By Matt Coker
By R. Scott Moxley
By Charles Lam
By Nick Schou
By Gustavo Arellano
By Gustavo Arellano
By Steve Lowery
By R. Scott Moxley
"When I tried to talk about the smoking, Becky said Dr. West didn't think it was that big of a deal," asserts Bural, who tried to talk her sister out of the Tram Flap surgery. "He was a good salesman." The handsome West was charming to the point of being slightly flirtatious with Anderson, she alleges. Anderson went through with the procedure in March 1999, and soon after, she was back in the hospital. The large incision on her belly would not close and had become infected. Because of the infection, she was unable to begin chemotherapy treatments for her breast cancer.
In late 2000, a month or so after West's DUI arrest, West performed a different surgery to address the still-open wound in Anderson's stomach. The plan was to close the hole, now about the size of a quarter, with a small piece of skin grafted from her leg. When Anderson awoke from the surgery, she found that West had severed a large muscle above her knee and placed it on her abdomen to close up her wound-a procedure to which she had not consented, she claimed. "It looked like she'd been filleted," Bural says. "She was mutilated."
The wall of muscle tissue on Anderson's stomach eventually died and could no longer hold her intestines in. A second doctor eventually covered the intestines with a skin graft from her leg, but a pouch-like mound containing her intestines emerged from her body. Today, Anderson keeps the intestinal bulge in by wearing tight jeans all the time, even to bed, her sister says. Anderson's part of the complaint filed by the medical board alleges gross negligence and dishonesty on the part of West.
Judy McDonald, a soft-spoken 62-year-old homemaker from Auburn, north of Sacramento, had been referred to West by the surgeon who performed her mastectomy. After West performed a Tram Flap breast reconstruction in the summer of 1999, McDonald says, her wounds became gravely infected. "My belly and my breast came unsewed after the infection," she claims. Within a few weeks, McDonald says, her opening was so big she could see inside her gut. "My house smelled like gunk," she says. "Every time I saw [West], he said it was normal with infections. He said it took a couple of months to cure and said I had to be patient-and then he just gave me prescriptions."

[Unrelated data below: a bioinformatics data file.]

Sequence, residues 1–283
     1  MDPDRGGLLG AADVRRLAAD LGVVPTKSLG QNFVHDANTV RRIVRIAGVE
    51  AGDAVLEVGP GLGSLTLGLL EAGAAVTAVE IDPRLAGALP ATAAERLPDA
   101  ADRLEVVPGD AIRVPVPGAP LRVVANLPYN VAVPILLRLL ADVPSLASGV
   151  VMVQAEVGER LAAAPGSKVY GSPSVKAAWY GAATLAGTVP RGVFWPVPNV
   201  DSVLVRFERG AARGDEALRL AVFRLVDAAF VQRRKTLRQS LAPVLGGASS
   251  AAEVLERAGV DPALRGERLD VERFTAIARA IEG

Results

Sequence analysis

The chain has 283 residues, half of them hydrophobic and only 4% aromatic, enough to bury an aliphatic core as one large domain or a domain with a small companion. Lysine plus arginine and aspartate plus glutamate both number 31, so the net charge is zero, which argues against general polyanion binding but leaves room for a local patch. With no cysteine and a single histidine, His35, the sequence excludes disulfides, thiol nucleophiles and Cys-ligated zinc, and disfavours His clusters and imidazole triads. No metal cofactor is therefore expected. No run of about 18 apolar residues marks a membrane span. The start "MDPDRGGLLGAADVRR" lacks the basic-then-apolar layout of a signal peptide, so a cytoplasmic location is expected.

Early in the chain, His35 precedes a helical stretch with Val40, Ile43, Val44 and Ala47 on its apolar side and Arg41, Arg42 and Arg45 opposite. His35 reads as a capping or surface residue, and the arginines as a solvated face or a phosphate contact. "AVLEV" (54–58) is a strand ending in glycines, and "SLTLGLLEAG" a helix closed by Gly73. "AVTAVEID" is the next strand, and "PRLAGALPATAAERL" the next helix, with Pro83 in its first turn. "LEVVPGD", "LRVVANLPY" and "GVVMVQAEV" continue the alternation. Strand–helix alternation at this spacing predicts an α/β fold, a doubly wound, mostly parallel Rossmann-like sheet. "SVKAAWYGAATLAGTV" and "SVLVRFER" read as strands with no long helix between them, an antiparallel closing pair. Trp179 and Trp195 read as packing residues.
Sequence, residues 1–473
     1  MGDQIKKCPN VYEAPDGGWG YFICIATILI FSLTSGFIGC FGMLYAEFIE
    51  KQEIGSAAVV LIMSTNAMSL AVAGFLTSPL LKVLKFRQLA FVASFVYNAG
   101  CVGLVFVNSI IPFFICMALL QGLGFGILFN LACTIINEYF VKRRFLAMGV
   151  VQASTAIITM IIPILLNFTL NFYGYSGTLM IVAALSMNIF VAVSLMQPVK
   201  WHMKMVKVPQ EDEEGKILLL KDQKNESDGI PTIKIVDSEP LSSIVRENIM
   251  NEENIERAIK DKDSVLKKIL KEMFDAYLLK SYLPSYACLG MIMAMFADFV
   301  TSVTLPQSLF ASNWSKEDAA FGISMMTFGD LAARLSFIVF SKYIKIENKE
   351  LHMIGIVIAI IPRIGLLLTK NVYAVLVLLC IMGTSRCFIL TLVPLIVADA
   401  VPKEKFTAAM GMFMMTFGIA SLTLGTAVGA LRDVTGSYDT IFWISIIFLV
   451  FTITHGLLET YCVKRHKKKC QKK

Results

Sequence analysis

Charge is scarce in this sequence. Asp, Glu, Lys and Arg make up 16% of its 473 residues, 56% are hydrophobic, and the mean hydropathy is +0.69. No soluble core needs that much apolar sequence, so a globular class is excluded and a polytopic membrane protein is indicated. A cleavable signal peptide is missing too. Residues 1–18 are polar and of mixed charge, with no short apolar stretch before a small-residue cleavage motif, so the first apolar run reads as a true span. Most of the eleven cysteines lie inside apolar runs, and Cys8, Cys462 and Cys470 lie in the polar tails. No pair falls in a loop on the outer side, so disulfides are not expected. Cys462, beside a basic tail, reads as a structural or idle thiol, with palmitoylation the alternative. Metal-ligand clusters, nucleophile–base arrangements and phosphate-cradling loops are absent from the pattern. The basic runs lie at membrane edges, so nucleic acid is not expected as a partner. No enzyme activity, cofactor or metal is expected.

West tried to vacuum-pump the pus draining from McDonald's wounds, but that made her anemic, she alleges. In late September 1999, McDonald went into the hospital to have her abdominal and breast wounds closed by West. During the surgery, a ball of infection burst in her abdomen, she says. "I'm sure there was panic in that surgery room," McDonald says.
She then had to be treated by an infectious-disease doctor at the hospital and received in-home nursing for several months following the surgery. She says she continued with West as her surgeon "because I just thought it was my body. I thought it was my fault that I just got infections." In May 2000, West performed his third and final surgery on McDonald to "lift" her right breast so that it would match her much larger, reconstructed left breast. Instead, McDonald claims, she received a breast reduction and nipple surgery, which she says she did not consent to. She is now part of the formal complaint, alleging gross negligence by West.
According to state medical-board records now available to the public, in June 2001, West was convicted of a misdemeanor for the previous year's DUI arrest. The Medical Board of California launched an investigation soon after. Becky Anderson sued West for medical malpractice in August 2001. After its investigation, the board recommended West join the diversion program in lieu of potential disciplinary action. In December 2001, West committed to the secretive program, which would allow him to continue practicing, as long as he agreed to attend AA meetings, remain sober and take random urine tests, among other requirements.
Anderson settled with West in May 2002 for $250,000, the maximum allowed for malpractice suits in California. According to West's attorney, the doctor admitted no fault in the settlement.
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The Medical Board of California's diversion program is as confidential as they come. Created in 1980, it was designed to monitor doctors with substance-abuse problems who agreed to take steps toward sobriety, instead of taking action against them for their drug abuse. "They wouldn't be disciplined [by the board]. Their lives and careers wouldn't be destroyed," says Julie D'Angelo Fellmeth, administrative director of the Center for Public Interest Law in San Diego. "For some physicians, that probably was the case, but for others, they were gaming the system. Doctors who are smart, who want to preserve both their career and their addiction, they'll figure it out," says Fellmeth, who has scrutinized the board's enforcement procedures for nearly two decades.
In 2003, Fellmeth was charged by the state to do an aggressive audit of the board's enforcement practices, including that of the diversion program. It would be the fourth audit in the program's history. After nearly two years as the only person with unlimited access to the diversion program's highly confidential files (not even members of the enforcement division could peer into them), Fellmeth found that "the whole program was a mess."